Baby boom or bust: Salaries are affected by whether your male boss has a son or daughter
Research suggests salary shrinks when CEO has a son
But wages likely to rise if first child is a daughter
Fatherhood changes the way a boss views his staff
Female employees more likely to see wage increase after boss has a child
15:49 GMT, 6 January 2013
15:49 GMT, 6 January 2013
Daddy's little darling: Becoming a father can change the way a boss views his employees, according to a new report
The next time you are invited to 'wet the baby's head' with a boss who has just become a parent, be warned: his new offspring could well affect your salary.
Wages can go up or down depending on the baby's gender and the head of a company could significantly change the way he looks at his employees after the birth of a child, according to new research.
The paper, written by Aalborg University economics professor
Michael Dahl, University of Maryland Smith School of Business professor
Cristian Dezso and Columbia Business School professor David Gaddis Ross, was presented last week at the American Economics Association annual meeting.
The findings were drawn up with the help of more than 1,600 births to 18,000 male CEOs at 10,655 private companies in Denmark between 1996 and 2006.
Among the team's findings are that when a male chief executive has a baby, his workers’ salaries shrink by 0.2 percent, or about $100 per year, reports The Wall Street Journal.
That figure drops to 0.4 percent if he fathers a son.
The authors suggest this might be because the chief executive feels the need to hoard resources and protect his own family in the event of financial hardship.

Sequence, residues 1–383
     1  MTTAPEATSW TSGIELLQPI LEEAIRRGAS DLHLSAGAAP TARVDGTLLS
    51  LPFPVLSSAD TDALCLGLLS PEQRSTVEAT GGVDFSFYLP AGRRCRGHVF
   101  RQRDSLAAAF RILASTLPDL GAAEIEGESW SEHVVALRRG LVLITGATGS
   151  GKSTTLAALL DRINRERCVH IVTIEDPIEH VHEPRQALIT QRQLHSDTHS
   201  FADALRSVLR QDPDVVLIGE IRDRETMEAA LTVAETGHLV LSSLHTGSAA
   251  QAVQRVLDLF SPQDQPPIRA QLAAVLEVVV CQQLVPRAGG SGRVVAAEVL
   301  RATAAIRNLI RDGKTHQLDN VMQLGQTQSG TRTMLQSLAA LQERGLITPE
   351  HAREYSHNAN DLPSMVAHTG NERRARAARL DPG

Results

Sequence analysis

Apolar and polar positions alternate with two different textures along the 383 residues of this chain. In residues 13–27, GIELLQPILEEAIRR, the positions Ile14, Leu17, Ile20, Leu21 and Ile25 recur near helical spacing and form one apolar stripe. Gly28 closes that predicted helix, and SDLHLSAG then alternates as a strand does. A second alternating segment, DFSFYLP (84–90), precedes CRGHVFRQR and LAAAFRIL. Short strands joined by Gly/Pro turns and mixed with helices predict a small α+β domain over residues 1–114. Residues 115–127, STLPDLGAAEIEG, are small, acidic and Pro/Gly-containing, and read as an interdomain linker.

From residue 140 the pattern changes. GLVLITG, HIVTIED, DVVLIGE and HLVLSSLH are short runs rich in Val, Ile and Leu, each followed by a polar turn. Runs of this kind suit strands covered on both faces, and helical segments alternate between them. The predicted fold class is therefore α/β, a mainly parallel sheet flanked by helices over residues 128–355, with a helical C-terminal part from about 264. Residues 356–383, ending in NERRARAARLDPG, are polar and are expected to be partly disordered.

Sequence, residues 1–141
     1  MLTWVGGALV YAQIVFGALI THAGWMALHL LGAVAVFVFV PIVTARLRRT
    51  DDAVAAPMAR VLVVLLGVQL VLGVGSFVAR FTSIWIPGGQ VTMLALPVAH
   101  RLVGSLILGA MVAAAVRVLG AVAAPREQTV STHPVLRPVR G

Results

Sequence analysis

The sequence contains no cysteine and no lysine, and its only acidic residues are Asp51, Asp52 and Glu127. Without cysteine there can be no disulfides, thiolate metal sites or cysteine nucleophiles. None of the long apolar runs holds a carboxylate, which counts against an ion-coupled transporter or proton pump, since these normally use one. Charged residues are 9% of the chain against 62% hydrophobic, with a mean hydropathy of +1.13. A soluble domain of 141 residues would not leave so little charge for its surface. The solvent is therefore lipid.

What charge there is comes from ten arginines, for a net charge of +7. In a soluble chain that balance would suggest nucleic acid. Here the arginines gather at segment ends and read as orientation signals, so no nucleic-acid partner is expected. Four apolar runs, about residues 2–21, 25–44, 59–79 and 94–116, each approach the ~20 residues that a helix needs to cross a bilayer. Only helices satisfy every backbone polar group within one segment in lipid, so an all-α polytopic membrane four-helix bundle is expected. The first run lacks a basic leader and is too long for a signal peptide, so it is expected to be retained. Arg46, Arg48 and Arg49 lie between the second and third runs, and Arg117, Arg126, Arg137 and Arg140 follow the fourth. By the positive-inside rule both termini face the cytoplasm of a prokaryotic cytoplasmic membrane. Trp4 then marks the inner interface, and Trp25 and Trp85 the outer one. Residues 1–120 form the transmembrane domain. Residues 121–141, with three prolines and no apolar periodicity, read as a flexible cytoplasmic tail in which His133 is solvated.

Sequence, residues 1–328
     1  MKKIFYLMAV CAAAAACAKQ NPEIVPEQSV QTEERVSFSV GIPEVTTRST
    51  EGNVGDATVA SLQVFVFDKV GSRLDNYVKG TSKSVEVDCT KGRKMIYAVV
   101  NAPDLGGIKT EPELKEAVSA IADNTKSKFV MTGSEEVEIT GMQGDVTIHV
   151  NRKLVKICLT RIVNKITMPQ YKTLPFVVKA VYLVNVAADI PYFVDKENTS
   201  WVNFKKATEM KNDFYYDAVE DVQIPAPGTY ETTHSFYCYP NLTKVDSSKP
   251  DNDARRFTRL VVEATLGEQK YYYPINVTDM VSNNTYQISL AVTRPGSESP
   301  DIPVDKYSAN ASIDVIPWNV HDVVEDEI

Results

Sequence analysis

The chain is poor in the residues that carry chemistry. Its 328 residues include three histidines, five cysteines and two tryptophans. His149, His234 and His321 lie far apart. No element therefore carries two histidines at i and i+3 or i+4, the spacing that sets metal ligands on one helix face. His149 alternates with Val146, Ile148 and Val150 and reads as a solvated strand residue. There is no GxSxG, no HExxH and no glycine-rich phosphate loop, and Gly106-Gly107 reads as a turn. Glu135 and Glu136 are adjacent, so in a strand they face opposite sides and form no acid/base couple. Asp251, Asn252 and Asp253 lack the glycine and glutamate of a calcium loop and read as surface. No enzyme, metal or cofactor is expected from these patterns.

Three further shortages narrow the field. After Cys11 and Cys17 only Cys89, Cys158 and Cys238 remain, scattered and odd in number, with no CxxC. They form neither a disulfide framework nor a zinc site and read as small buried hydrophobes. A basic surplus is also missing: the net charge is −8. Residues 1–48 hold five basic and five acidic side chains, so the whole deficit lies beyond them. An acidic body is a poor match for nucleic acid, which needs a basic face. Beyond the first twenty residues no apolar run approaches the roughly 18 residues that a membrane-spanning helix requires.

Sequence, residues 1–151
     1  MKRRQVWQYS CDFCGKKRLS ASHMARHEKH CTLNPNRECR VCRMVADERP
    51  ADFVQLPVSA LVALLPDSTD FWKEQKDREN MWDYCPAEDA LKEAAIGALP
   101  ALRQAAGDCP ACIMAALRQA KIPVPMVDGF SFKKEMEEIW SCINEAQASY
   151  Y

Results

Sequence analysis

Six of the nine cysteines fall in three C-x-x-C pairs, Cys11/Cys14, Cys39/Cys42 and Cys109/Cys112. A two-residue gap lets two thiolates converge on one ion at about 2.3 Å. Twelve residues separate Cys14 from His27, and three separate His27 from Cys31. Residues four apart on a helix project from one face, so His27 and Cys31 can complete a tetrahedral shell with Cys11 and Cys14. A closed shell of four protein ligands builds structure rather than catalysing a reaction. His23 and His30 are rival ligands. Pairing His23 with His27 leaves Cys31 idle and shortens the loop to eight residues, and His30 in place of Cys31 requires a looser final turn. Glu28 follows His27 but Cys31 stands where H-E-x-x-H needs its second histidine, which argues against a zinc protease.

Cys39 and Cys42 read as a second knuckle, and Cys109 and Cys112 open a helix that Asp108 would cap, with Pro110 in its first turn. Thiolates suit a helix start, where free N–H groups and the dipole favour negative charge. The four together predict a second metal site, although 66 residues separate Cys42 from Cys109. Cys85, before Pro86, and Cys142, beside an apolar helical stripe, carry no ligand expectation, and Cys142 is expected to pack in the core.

Likewise, the report also suggests a male CEO’s own wages rise 6.3 percent after the birth of a son and 3.5 percent after the birth of a daughter.
If the boss and his wife have a daughter for their first child, employees' wages are more likely to rise, the report suggests.
In that event, the wages of female employees are more likely to rise by 1.1 percent, compared to a 0.6 percent for male employees.
But in general, women can cash in when a male CEO has children, regardless of gender.
Golden girl: When a boss has a daughter for his first-born child, staff wages are more likely to rise
Even when the executive has a son, female employees’ salaries shrink by a more modest 0.2 percent, compared to a 0.5 percent drop for male workers.
And when the son is the executive’s first child, female employees’ salaries actually go up 0.8 percent.
The report suggests that the CEOs who become fathers may change their view towards their female staff and see them as more competent.
This is in line with previous research that shows men’s esteem for their wives rises when they become mothers and they care more about other people's well-being after the birth of a daughter.
Other studies have also shown that men sometimes care more about other people’s well-being after fathering a daughter.
That's my boy: When an executive's first child is a son, female workers generally see a salary rise